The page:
Ebay Tips

10 years ago ebay was supply-sided – you could pretty much put any commodity or niche item on ebay and get a good price. Now there is much more competition and margins are much slimmer. However, ebay can still be an effective part of your business plan, especially if you set-up a good system and utilize ebay’s potential.

The biggest thing ebay has to offer is exposure with low overhead. It costs nothing to get started and only minutes to setup an account. Selling on ebay will put your business and products in front of a much larger audience than you would have solely on a website or selling at at store/outdoor market, etc.

 Please, please, please! Before you start going crazy, do 2 things:

 1) Research – use ebay’s “Completed listings” tool to research the item(s) you are thinking of selling. This is a quick and dirty way to determine whether there is a market for your products.

2) Test – Before you scale-up, test out ebay to determine: how much you can get for your products(s), learn the system so you know how to work ebay efficiently.

Efficiency on ebay is key, whether you are buying or selling. www.Auctiva.com is a tool I used for yeras – it is a great way to list and schedule items very quickly and manage your inventory.  Once you find out what sells best you can quickly list and re-list the same items with Auctiva tools. When you scale up it is esential to have a good inventory control system and communication system as well. Works the numbers to figure out how much you can make and how much time it will take you. An efficient system can mean the difference between $1/ hour and $30/ hour.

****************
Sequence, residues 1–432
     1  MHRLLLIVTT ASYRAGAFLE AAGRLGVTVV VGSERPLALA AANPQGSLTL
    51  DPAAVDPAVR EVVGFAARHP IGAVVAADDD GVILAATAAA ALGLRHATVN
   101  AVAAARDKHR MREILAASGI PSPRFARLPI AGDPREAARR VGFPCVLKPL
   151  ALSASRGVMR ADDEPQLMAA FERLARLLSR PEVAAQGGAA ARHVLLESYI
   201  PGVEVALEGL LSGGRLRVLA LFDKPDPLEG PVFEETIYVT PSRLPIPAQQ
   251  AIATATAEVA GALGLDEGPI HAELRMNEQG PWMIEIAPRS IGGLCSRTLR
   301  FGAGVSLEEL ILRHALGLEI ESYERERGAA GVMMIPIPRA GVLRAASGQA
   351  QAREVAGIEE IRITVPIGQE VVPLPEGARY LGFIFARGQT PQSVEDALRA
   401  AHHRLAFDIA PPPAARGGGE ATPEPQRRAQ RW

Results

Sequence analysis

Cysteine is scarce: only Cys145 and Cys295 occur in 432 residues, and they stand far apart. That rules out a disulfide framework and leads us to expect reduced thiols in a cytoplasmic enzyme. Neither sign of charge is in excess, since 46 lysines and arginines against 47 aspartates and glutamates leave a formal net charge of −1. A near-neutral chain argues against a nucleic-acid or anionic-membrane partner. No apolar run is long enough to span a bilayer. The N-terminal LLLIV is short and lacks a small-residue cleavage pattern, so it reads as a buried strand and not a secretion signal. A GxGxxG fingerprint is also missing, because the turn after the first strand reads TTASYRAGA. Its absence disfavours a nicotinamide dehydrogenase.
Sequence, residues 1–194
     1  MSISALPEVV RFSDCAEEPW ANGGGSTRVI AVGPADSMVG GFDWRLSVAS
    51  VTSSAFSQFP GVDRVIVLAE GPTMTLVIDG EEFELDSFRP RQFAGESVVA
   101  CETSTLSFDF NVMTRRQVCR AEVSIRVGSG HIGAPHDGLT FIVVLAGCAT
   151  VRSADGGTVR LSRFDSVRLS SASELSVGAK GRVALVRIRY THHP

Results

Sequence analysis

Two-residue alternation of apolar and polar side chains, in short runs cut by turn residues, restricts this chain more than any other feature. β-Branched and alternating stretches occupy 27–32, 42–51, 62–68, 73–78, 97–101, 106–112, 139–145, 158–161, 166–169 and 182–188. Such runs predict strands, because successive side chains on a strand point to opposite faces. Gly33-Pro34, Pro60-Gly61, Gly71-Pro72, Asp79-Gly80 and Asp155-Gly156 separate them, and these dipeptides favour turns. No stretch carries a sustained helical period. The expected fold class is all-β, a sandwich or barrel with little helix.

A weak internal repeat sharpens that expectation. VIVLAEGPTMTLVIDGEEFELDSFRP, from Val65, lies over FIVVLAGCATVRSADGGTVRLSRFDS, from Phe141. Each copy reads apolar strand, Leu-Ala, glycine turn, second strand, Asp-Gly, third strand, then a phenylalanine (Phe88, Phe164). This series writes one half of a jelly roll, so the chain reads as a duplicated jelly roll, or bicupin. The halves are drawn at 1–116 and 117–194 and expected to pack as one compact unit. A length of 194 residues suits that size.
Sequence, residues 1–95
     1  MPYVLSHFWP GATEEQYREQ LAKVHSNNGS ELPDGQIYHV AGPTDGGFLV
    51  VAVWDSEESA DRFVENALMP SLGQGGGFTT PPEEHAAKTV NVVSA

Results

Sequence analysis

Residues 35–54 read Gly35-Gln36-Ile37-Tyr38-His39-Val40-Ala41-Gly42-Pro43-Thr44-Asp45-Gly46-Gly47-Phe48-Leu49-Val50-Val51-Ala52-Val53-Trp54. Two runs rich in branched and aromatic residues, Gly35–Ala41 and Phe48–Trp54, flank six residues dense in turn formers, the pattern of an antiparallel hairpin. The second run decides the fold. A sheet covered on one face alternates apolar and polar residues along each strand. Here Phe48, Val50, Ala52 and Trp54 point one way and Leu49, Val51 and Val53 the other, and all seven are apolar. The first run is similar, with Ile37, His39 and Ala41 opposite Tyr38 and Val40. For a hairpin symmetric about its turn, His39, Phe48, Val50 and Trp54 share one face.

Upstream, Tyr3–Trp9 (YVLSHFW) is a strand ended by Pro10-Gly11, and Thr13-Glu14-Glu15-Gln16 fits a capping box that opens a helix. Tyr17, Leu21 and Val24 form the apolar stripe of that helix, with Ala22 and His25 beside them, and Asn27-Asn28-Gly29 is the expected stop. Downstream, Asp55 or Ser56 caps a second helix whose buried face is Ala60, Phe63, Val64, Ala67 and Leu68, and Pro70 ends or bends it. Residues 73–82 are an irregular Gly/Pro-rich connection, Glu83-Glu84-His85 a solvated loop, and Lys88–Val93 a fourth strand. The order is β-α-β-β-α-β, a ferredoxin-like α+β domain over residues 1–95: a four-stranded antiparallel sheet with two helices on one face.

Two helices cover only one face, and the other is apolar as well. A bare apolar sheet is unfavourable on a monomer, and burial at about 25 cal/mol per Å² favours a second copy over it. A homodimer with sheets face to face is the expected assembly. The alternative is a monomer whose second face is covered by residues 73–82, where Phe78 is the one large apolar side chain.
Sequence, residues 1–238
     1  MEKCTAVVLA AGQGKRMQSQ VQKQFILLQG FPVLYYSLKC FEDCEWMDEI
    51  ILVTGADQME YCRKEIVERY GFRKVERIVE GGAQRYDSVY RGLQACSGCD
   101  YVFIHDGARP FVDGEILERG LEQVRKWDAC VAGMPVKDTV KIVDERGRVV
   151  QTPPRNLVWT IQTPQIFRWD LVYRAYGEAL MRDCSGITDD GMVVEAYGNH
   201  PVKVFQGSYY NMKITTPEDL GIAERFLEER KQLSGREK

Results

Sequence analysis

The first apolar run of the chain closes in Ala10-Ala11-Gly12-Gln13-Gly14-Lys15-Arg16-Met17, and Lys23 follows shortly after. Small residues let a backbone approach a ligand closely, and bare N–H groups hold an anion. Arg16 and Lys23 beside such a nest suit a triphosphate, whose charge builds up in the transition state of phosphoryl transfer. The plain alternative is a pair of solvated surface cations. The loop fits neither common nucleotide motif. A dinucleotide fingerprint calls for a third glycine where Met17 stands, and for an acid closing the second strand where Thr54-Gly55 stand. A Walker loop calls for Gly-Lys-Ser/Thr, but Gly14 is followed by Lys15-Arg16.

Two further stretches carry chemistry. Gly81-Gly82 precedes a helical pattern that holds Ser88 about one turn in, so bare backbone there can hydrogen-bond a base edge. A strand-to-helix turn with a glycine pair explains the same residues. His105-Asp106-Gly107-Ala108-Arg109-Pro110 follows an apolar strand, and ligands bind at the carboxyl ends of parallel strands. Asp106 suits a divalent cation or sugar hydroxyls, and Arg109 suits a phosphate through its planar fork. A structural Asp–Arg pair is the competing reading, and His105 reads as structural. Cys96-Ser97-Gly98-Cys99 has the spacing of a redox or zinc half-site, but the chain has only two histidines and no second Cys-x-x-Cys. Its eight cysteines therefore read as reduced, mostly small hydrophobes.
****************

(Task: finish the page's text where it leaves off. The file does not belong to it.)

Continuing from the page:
Think about your selling strategy on ebay. I used to start everything at a penny before that was common. Got me a lot of bids and if you have niche items, dont be afraid to start bidding very low- its scary but this will get you more traffic on your auctions and most of the time result in higher overall bids. This is where testing comes in – figure out a selling strategy that works for your particular class of products. I sold low-cost items that sold for a few bucks and charged $4.99 for shipping first item, and $1.99 thereafter. Some people feel slimy when they do this, but its ok, buyers factor this into the cost and it reduces your risk exposure.

When I started I programmed my own checkout system, but not companies like www.auctionwatch.com and www.andale.com can manage the entire process for you even integrate with your own website.

Utilize ebay features such as Ebay Store – its a few bucks/ month but very effective. Also there is a bunch of free stuff like the About Me page and Feedback. Give good feedback and you will get good feedback. It is essential to have a feedback rating of 98% or better. Use their mailing list features to keep in touch with your customers and I believe you can also promote your website somehow.

The bottom line is unless you are selling something rare, you will not make a fortune on ebay. BUT if you are getting started in business, I highly recommend you open an ebay account and start selling, even just a few things. This will give you invaluable experience and help you develop a loyal customer base.